Reaction to Mimi Chakarova’s “The Price of Sex”, and Sex Trafficking in Canada

Sex was billed as a key topic of conversation when filmmaker, photojournalist and intrepid reporter Mimi Chakarova visited the UBC School of Journalism on Monday. But in this case, there was nothing light or pleasurable about the subject matter.

Chakarova has devoted the last decade of her life to an investigation of sex trafficking and slavery in Eastern Europe, and has even posed as a working girl in order to gain access to some of the seediest recesses of the industry. Her resultant film, “The Price of Sex”, spotlights the dismal situation of women and girls, many of them from former Soviet Bloc states, who are sold as sexual slaves in Europe and the Middle East.

The film, which I watched on Tuesday, reminded me of this brutal reality, and alerted me to how widespread and common the trafficking problem has become for girls in poor European countries, like Moldova and Bulgaria.

However, I was most inspired to read further by a comment from one member of the audience at the film screening. The woman, who had worked with organizations providing support services to sexual assault victims, emphasized the severity of the domestic sex trafficking issue in Canada, whereby aboriginal women are frequently victimized.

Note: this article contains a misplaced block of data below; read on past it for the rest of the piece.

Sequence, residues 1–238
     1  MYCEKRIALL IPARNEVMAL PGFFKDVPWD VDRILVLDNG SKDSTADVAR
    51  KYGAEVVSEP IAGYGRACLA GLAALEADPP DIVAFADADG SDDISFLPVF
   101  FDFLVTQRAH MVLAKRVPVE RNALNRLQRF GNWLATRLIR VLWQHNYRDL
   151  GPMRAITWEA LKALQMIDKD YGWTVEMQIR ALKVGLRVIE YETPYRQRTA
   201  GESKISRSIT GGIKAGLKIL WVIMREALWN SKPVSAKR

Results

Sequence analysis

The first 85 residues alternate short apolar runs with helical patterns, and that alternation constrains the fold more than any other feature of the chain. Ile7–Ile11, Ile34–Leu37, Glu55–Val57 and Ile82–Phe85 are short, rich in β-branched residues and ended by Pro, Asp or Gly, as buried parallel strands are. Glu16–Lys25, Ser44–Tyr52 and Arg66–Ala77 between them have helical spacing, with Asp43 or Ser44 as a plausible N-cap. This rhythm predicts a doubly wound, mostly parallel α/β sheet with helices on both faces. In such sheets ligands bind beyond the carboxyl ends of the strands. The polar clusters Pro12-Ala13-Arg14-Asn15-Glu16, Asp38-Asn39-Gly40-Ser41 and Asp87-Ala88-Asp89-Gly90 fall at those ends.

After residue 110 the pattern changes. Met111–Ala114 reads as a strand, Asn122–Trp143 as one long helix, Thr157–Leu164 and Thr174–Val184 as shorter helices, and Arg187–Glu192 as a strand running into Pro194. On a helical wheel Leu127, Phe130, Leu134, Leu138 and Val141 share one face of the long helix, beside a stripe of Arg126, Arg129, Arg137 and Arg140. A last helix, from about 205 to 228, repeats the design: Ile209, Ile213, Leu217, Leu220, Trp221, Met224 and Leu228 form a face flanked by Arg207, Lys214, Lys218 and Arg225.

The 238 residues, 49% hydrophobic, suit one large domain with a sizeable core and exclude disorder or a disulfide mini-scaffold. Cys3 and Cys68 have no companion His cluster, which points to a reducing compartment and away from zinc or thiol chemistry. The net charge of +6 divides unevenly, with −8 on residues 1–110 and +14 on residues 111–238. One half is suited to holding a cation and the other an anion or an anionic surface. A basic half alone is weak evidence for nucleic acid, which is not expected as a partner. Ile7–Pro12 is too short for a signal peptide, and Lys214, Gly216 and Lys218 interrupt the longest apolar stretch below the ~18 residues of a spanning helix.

While few statistics exist to elucidate the case, many of the extant data are frightening.

-According to Ottawa-based researcher Anupriya Sethi, roughly 75 per cent of aboriginal women under 18 have experienced some form of sexual abuse.

-The Urban Native Youth Association reported in 2002 that 60 per cent of sexually exploited youth in Vancouver were aboriginal.

-Gang researcher Michael Chettleburgh’s research indicates that as many as 90 per cent of urban, teenage prostitutes in Canada are aboriginal.

-Several sources express that the average age for trafficked aboriginal girls is very young, sometimes 12 or lower.

Unfortunately, not enough studies exist to allow for a thorough analysis of the issue, and government response has not been sufficient to curtail the trafficking of aboriginal girls.

So in sum, I salute Mimi Chakarova for her courage and assiduity in bringing the issue of sex trafficking and slavery to the forefront. But Canada is certainly not exempt from a scourge that afflicts many of the former Soviet states, and in our country, this phenomenon is both under-reported and under-addressed.

For more information:

The Institute for Advancement of Aboriginal Women –

“The Price of Sex” website –